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CC BY-ND 4.0 says in section 2(a)(4): Media and formats; technical modifications allowed. The Licensor authorizes You to exercise the Licensed Rights in all media and formats whether now known or hereafter created, and to make technical modifications necessary to do so. The Licensor waives and/or agrees not to assert any right or authority to forbid You ...


10

No, CC-BY-ND isn't Open Source. It violates rule 3 of the Open Source Definition: Derived Works The license must allow modifications and derived works, and must allow them to be distributed under the same terms as the license of the original software. It also violates the freedom 3 of the Free Software Definition: The freedom to ...


8

No. Any modifications you apply that aren't sanctioned by the owner are classed as derivative works. Your result still contains the author's material, true, but you've changed the way it's presented - it's like removing some code that's just a wrapper for a routine. You're changing the product, which creates a derivative work, which is disallowed. tl;dr: No ...


4

Note that the license still says you may... not Share[] Adapted Material Insofar as your isolated part is Adapted Material of the original, it is forbidden to share. If your isolated part is not Adapted Material, then it is allowed to be shared. Looking at one of the final drafts of CC BY-ND 4.0 (which is not legally binding, but may help understand ...


4

Creative Commons does not recommend applying their licenses to software. You seem like you might know this already, but it's worth linking again. if some platform decides "for some obscure legal reason, GPL software is not allowed" What makes you worry about the GPL specifically? What is there to say that the platform will say "CC-BY-ND is not allowed", ...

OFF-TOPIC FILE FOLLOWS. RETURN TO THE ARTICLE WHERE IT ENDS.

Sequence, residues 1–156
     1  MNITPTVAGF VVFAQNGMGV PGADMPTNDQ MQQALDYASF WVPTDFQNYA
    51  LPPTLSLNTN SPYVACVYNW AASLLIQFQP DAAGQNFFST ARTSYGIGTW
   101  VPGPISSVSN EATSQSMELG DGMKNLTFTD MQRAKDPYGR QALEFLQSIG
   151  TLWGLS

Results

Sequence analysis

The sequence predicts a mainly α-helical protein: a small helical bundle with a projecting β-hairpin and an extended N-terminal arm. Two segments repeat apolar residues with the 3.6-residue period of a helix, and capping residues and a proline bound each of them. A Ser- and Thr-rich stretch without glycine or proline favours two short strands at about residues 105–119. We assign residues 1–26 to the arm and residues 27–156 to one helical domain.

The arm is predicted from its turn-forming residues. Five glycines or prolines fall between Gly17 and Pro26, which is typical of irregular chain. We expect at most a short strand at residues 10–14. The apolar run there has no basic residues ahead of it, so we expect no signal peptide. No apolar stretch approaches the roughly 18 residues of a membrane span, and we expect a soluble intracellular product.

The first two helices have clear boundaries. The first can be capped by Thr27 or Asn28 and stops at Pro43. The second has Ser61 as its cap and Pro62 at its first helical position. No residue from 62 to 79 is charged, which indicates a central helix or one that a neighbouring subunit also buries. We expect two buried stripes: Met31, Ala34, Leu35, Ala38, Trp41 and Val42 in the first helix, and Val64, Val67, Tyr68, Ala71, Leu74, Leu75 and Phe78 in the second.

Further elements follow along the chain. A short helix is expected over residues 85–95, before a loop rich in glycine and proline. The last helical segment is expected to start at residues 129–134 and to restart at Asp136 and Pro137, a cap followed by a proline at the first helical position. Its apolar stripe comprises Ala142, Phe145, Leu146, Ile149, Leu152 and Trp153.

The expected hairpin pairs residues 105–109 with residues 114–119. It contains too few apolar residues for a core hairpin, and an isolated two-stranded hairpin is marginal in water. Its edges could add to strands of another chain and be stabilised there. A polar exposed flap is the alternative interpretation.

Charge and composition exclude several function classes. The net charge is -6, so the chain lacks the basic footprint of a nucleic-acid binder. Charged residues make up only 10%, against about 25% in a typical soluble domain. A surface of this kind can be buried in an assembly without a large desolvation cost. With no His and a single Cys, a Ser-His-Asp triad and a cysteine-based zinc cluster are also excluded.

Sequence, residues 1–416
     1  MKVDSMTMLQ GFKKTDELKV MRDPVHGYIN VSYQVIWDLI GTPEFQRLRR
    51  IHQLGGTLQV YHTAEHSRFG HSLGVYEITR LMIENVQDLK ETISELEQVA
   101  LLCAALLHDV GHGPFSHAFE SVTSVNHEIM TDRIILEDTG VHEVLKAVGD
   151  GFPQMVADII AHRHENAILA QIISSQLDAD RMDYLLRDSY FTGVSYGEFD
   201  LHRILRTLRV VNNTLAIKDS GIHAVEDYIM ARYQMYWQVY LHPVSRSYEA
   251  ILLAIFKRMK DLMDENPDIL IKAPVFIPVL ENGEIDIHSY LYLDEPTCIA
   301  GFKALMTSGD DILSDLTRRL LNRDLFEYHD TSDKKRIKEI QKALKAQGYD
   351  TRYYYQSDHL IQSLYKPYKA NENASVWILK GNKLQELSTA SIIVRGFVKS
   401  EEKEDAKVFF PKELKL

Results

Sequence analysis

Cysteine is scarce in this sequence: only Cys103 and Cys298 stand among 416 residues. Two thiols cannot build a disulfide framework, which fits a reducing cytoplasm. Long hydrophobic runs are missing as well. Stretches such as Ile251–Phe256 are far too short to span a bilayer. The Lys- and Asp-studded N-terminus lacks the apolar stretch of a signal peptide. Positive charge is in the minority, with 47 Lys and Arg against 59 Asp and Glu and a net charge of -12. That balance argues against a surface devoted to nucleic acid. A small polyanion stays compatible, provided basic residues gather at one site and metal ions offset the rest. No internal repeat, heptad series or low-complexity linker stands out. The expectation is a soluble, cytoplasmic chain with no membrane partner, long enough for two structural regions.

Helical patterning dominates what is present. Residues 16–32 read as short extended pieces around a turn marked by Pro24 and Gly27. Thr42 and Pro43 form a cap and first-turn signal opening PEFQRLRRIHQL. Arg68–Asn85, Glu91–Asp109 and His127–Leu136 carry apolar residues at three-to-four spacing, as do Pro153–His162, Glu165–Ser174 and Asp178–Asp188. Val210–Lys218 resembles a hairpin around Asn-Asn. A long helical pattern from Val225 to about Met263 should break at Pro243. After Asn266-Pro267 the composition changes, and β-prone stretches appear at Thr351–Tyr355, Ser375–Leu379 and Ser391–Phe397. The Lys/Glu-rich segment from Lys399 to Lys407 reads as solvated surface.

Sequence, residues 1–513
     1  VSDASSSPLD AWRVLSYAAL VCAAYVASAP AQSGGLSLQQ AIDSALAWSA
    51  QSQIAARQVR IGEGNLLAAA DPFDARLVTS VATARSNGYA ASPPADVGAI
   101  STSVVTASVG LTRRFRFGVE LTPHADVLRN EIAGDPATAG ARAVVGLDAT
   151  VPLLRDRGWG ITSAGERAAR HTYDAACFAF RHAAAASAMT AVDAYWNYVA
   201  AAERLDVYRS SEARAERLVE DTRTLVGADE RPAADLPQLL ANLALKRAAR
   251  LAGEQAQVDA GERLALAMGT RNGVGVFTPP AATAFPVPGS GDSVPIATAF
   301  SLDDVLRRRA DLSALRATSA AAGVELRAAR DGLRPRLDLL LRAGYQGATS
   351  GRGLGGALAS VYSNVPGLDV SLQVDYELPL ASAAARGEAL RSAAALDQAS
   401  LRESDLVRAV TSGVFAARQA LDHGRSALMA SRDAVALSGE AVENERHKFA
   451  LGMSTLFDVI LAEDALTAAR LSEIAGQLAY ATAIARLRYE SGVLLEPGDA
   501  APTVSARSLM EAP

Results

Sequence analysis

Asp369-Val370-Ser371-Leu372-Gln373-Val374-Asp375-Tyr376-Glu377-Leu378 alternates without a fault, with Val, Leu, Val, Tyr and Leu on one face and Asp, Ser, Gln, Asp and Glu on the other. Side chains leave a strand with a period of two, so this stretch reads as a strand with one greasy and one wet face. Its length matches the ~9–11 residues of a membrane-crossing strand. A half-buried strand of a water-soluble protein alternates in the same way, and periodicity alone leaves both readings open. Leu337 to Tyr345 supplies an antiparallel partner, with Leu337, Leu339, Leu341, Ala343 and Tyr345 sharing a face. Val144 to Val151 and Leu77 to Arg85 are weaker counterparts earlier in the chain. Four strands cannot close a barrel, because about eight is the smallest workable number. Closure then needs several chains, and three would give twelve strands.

4

The CC BY-ND is not compatible with either the OSI's Open Source definition or the FSF's Free Software Definition. That said, the FSF still considers it to have an appropriate use that is compatible with their movement: to licence opinions and testimonies. The licence shouldn't be used for documentation or project assets, but they do consider it to be ...


3

Yes there is. The copyright license does not allow you to make any changes.


3

The FSF lists the CC BY-ND license under a different category: Licenses for Works stating a Viewpoint (e.g., Opinion or Testimony) The introduction says (bold emphasis mine): Because of this, we expect them to provide recipients with a different set of permissions: just the permission to copy and distribute the work verbatim. So it’s not a license that ...


3

This is not legal advice. You shouldn't be trusting legal interpretations from an unqualified, Canadian secondary school student. I advise you to seek professional advice from a qualified person. The question you've asked here, is whether programmatically looping a song results in a derivative. The question at stake is a general one: when does manipulating ...


1

The way I'd read this is that the answer to all three of your questions is: yes. From the FAQ answer you quoted: Once a CC license is applied to a work in one format or medium, a licensee may use the same work in any other format or medium ... As you correctly stated, you can't omit parts of a work under an ND license. So as long as everything is intact,...


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